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Outdated Suburban Zoning Will Hold Back Progress For A “Live, Work, Play” Paradigm

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Smart Suburbs Are Evolving; Those That Don’t Will Be Stuck In The Past

By Paul Adler

The COVID-19 pandemic has radically transformed the landscape of our lives, particularly in how we perceive and utilize spaces we live in here in the tri-state area.

Paul Adler

As the world grappled with lockdowns and social distancing measures, the traditional office-centric model of work was upended, giving rise to remote work as a viable, and for many, a preferable alternative. This shift has significant implications for suburban areas, which historically were designed to attract people who wanted to leave urban environments. Suburbs have evolved to include commerce and office parks, of course, but what’s needed is a rethink of zoning laws to allow dynamic centers that combine housing, retail, office or office-like space and transportation.

It is time for suburbia to adapt to these changing paradigms or it risks obsolescence.

But can it?

The Rise of Remote Work

The pandemic accelerated a workplace transformation that was already underway, albeit at a slower pace. Companies and employees discovered that many jobs could be done from anywhere, eliminating the need for daily commutes and central business districts. Work was outsourced instead of being done on site.

This revelation has made suburban and exurban living more appealing for a broader demographic, not just those looking to start families or escape the hustle and bustle of city life. The appeal lies in the promise of a balanced lifestyle where one can live, work, and play in the same area without the need for long commutes.

The Appeal of the Suburbs

Suburbia (Rockland, Orange & Westchester) has traditionally offered more spacious homes, better schools, and a sense of community that is more elusive in dense urban centers.

With the shift toward remote work, these benefits have become even more pronounced. People are now looking for homes that can double as comfortable workspaces, with dedicated offices or quiet areas for Zoom calls. The suburbs, with their larger homes, quieter neighborhoods, and quaint downtowns, are perfectly suited to meet these needs.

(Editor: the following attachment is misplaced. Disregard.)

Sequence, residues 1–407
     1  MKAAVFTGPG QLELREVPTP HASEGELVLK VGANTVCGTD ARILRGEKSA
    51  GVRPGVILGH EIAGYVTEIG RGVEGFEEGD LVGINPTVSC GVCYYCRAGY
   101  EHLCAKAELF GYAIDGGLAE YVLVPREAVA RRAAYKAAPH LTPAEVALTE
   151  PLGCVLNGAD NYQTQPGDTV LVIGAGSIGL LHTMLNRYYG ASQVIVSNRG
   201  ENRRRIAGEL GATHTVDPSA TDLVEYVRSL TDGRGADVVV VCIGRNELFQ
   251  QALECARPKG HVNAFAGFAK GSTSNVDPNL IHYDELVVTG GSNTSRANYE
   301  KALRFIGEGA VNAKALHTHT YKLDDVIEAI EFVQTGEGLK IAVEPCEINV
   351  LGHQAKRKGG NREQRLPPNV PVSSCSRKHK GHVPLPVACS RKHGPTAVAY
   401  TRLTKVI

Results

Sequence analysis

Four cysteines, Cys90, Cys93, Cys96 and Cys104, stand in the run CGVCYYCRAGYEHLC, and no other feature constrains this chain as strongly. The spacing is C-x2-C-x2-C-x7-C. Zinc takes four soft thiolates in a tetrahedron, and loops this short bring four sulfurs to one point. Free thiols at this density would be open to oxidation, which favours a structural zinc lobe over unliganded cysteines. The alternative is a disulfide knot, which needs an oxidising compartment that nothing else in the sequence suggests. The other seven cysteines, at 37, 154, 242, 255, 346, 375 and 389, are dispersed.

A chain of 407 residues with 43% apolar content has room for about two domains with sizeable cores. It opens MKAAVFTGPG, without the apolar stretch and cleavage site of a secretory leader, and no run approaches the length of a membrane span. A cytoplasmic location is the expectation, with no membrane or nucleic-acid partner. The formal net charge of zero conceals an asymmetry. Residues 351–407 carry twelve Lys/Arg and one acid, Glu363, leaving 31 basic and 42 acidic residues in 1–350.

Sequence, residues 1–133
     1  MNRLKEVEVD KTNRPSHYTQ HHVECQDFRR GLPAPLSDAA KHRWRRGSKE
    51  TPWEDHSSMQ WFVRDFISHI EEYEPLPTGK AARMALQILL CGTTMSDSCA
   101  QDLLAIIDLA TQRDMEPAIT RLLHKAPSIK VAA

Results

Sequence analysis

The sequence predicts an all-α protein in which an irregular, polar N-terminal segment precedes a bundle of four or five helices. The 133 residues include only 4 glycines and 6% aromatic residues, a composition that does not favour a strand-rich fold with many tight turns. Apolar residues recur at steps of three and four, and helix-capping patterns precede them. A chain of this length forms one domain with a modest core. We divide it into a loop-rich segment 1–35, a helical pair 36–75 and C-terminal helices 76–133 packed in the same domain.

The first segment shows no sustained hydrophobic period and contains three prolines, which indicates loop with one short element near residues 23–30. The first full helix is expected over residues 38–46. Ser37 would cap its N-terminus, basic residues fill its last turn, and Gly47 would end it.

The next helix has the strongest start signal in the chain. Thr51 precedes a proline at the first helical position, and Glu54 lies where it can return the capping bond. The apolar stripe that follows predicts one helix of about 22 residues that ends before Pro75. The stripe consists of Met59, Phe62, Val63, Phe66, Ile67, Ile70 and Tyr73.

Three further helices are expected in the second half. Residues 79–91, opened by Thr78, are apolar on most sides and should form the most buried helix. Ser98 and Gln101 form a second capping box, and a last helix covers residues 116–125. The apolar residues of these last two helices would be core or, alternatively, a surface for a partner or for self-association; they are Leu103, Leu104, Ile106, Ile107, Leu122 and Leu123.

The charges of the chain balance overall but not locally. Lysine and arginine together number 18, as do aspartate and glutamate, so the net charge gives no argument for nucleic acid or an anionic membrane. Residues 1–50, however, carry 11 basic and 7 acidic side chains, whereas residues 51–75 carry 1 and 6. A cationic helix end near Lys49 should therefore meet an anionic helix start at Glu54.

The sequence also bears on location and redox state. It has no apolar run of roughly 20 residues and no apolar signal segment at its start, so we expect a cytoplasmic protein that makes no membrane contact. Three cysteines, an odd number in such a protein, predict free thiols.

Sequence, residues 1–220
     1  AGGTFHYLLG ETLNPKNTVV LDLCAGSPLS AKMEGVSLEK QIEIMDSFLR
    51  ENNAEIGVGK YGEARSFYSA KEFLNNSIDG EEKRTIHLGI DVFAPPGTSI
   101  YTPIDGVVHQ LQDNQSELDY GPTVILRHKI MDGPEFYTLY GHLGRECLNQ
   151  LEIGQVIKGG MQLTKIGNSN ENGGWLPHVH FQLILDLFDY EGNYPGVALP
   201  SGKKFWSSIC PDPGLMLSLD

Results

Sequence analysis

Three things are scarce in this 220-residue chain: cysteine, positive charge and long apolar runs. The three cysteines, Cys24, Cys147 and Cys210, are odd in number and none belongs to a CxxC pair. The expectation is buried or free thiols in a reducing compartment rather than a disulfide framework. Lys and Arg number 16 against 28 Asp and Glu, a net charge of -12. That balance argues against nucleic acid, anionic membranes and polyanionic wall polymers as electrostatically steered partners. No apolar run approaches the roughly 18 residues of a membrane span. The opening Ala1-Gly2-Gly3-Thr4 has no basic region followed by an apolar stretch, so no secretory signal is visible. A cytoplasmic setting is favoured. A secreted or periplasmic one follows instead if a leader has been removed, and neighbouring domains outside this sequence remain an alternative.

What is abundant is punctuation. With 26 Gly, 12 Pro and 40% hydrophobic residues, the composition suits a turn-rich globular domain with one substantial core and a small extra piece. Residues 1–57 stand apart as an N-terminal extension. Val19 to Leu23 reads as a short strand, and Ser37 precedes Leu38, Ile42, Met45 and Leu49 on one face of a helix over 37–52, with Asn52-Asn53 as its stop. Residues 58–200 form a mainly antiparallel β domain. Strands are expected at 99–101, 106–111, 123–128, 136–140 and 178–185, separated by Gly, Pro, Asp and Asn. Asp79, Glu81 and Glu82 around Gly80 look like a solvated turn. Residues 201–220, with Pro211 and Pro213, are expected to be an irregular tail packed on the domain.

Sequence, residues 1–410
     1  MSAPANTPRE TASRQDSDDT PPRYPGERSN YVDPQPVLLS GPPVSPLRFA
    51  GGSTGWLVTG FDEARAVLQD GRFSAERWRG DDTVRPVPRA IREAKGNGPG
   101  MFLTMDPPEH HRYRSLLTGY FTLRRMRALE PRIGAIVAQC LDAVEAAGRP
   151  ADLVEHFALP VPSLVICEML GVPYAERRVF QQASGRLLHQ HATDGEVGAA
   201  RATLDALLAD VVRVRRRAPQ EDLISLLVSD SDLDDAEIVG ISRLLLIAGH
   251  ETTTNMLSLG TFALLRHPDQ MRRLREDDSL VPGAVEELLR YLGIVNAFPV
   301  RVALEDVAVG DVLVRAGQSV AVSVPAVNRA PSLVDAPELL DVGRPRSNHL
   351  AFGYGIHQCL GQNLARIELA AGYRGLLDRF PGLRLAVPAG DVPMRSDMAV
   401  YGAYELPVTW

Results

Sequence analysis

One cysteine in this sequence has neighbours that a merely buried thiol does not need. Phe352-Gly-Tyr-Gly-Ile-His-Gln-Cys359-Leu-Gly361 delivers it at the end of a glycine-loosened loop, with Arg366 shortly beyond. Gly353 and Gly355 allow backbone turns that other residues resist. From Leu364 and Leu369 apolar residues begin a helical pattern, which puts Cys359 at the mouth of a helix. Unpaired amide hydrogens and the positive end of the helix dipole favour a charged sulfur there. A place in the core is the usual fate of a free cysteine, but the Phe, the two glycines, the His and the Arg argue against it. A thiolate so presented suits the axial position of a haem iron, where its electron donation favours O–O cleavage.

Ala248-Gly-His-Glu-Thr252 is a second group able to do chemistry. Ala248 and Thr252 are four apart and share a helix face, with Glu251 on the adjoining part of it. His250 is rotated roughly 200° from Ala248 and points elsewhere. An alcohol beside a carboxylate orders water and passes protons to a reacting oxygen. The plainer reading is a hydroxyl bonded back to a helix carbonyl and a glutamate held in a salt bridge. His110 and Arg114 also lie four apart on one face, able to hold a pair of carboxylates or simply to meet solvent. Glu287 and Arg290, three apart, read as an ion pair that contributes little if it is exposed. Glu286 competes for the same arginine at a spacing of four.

However, the suburbs were designed in an era when zoning laws rigidly separated residential areas from commercial and industrial ones, a paradigm that no longer fits the needs of a population that works, shops, and seeks entertainment often within the same neighborhood.

The challenge for suburbia is to evolve from a place where one only lives and commutes elsewhere for work and leisure, to a vibrant, self-sustaining community where people can do all three without the need to travel far.

Zoning and Planning must be dynamic in nature and in the code.

The Need for Zoning Reform

For suburbia to thrive in the post-COVID world, a radical rethinking of traditional zoning paradigms is necessary. The future of suburban development lies in mixed-use zones that combine residential, commercial, and recreational spaces. Such an approach encourages the development of walkable neighborhoods with amenities like cafes, restaurants, parks, and co-working spaces that are accessible by foot or bicycle. People come to suburbia for more open space or larger living accommodations but many also seek urban amenities, including state-of-the-art hospitals and medical care.

Furthermore, the integration of green spaces and sustainable infrastructure is crucial for creating environments that promote health and well-being, aspects that have become increasingly important to people in the wake of the pandemic.

Suburbs that can offer a high quality of life with the convenience of urban amenities, while still providing the space and comfort associated with suburban living, will be the ones that attract and retain residents.


The COVID-19 pandemic has served as a catalyst for change, accelerating shifts in workplace paradigms and making the suburbs more appealing than ever. However, without significant changes to how suburbia is planned and developed, particularly in terms of zoning laws, there is a risk these areas will fail to meet the evolving needs of their residents. The future of suburbia lies in its ability to adapt, offering not just a place to live, but a vibrant, self-contained community where people can live, work, and play. The suburbs must evolve or risk becoming relics of a bygone era.

Paul Adler is Chief Strategy Officer of Rand Commercial.